Monday, June 11, 2018

More from Wite-Out

From my second book, in which I continue my long affair with Brooklyn while marrying Oakland.


And here we are in Oakland, exiled from Berkeley. No one wants to rent to a single mother in the dot com boom. This is the only place I could find—a one-bedroom in a six-plex, with one closet and a coin op laundry in a dirt-floor basement. I don’t know anyone who lives in Oakland. I had to beg the weird landlord to let us live here. I cried when I signed the lease. How many times over the last fourteen years did I see landlords practically begging my feckless husband to sign a lease, no credit check required, because he’s a tall, white, blue-eyed man with a deep voice and an air of entitlement?

When we first moved to Berkeley from New York two years ago, I was in heaven— all the pretty gardens and farmer’s markets, and my new job.

But then I noticed the smug liberalism and the whiteness. “Where are all the people?” I asked Andrew. Someone told us we should go to Oakland.

Except for working as a waitress at Mavis the Pie Queen in 1986, I’d hardly ever been to Oakland. One Friday we drove to a Vietnamese place called Le Cheval. The huge dining room was filled with all kinds of people. Everyone smiled at Isabel as I carried her to our table near the bar. “Beautiful baby,” said a man in a Raiders cap. “Pretty girl,” said a middle-aged woman in a Tupac T-shirt.

“Oh!” I said to Andrew. “Here’s where the people are.”
In the new place, I sat in my only arm chair, surrounded by unpacked boxes, with Isabel in my lap. I paged through The New Yorker, homesick.

“Talk about that,” she said when she saw a picture that she liked.

I nursed her and put her down and went into the kitchen. I thought she was asleep until I heard her murmuring “Mamamamamama.” I went in to check on her. She was wide awake. She looked amazed. 

“I was just talking about you!” she said—as if it were a coincidence that I walked in just then—as if she’d conjured me.
Business trip to New York. First time I’ve been back since Andrew and I split up. I had to pay for Isabel’s ticket because she's more than two years old, no longer what they call “a lap infant.” But she spent the whole trip in my lap, playing and crying and nursing and sleeping, and I stared at her face for hours.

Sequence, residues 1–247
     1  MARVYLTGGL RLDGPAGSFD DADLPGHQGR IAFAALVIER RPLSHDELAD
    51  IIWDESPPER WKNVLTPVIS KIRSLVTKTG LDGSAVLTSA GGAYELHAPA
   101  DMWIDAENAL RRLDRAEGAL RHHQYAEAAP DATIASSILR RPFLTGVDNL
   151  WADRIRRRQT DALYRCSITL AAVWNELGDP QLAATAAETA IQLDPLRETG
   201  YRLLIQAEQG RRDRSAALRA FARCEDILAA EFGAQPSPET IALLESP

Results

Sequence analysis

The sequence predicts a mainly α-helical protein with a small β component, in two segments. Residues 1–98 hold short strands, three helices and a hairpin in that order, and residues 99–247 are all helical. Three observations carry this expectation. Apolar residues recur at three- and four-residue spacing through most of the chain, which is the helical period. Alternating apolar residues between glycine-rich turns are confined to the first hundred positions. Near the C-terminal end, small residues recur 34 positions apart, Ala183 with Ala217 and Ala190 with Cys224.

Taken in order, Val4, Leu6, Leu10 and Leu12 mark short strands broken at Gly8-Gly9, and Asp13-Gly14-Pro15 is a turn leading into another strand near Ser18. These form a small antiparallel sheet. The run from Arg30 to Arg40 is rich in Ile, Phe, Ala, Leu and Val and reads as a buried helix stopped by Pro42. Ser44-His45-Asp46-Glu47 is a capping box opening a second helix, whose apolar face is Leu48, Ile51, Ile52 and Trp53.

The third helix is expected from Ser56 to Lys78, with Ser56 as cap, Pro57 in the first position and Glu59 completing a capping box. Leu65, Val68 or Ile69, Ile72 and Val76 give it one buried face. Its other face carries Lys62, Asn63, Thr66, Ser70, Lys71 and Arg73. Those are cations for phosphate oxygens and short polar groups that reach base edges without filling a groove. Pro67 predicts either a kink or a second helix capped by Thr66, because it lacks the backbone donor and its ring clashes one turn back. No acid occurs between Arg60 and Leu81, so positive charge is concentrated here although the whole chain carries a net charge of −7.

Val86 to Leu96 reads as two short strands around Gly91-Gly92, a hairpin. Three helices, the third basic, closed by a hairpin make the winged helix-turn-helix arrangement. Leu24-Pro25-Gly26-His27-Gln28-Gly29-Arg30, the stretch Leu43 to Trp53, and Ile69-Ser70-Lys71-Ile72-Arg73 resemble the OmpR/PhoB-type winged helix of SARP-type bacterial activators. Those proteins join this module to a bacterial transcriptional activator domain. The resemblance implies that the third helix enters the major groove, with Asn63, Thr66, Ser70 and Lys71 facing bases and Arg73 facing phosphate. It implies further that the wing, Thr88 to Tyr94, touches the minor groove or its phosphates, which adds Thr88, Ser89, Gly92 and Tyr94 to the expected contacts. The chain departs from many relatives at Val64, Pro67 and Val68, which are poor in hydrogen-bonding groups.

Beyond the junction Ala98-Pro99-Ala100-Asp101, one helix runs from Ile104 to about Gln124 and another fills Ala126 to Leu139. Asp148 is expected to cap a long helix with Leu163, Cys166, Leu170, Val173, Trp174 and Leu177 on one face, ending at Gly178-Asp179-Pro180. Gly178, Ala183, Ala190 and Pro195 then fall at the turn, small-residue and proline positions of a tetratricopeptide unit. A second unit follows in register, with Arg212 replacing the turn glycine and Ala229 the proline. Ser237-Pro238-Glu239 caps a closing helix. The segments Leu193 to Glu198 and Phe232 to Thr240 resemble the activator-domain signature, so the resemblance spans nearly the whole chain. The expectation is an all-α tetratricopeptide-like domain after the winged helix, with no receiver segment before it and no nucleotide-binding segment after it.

We stayed with Leah and Young in their Brooklyn brownstone. Now we’ve got kids and his career is hot and we’re all confused by my new status: single and living far away. I can’t be as helpful to them as I used to be. Oh, and I have a new boyfriend.

Kneeling in Young’s parlor in Brooklyn in my bathrobe, I bent over Isabel to change her diaper. A dog barked outside, and she said, “Doggies say woof!” I kissed her. “That’s right, that’s right!” I said. “And what do mommies say?” 

In that instant I was almost afraid—I knew her answer would tell me what kind of mother I was.  

She smiled and said, “Mommies say, ‘It’s okay, it’s okay.’”

Cause everything will be okay.

Tom and Young were in the kitchen whispering. I called out to them, “What’s the latest gossip?”

Silence. I stood up with the baby and turned toward them.

“Well,” Tom said, “you’re pretty much it.”

Me? Who would have expected it?
Home again. Office politics is a kind of hell. In the New York office, I worked so independently. I don’t know how to play the game here, though I know how to get things done. I seem to be caught in a Bermuda triangle of managers who hate each other. One of them lied about me last week! I found out when Doris in human resources took me aside to warn me. “They smile in your face and stab you in the back.” What am I supposed to do with this information? I’ve been raised to turn the other cheek, but how does that work at work? You’re supposed to promote yourself to get promoted here, and I’m not good at that.

I took a day off to go on a field trip with Isabel and the other preschoolers. On the bus to Crab Cove I was so happy. Isabel sat on my lap all the way there, and Grace leaned on my arm. On the way home I let Grace sit on my lap. This is the kind of work I’m good at.

Isabel is at Russell Street. We call the houses by their street names. Much better than saying “Mommy’s house” and “Daddy’s house.”

Watching “The 400 Blows,” made the year I was born. “Each time I cried, my father would imitate me on his fiddle.”
Letter from Young today. The kids, the art world, travel, marriage, parties, and famous friends, replacing good old me.

That day, nine years ago, when he called me at my office on 42nd Street to tell me that Leah had been raped and left for dead, half-naked, her arm broken, hair matted and tangled, pants hanging over the edge of the bridge. It was Mother’s Day.

A homeless man gave her his shirt. Someone called the police. They took her to the hospital.

“You’re the first person I called,” he said, and I was surprised. He had so many friends.

She and Young were on shaky ground then, relationship-wise—she’d called an old boyfriend first, but he didn’t answer. Then she called Young, who brought her home from the hospital. She sat in a kitchen chair while he painstakingly untangled her hair. A big, sad job.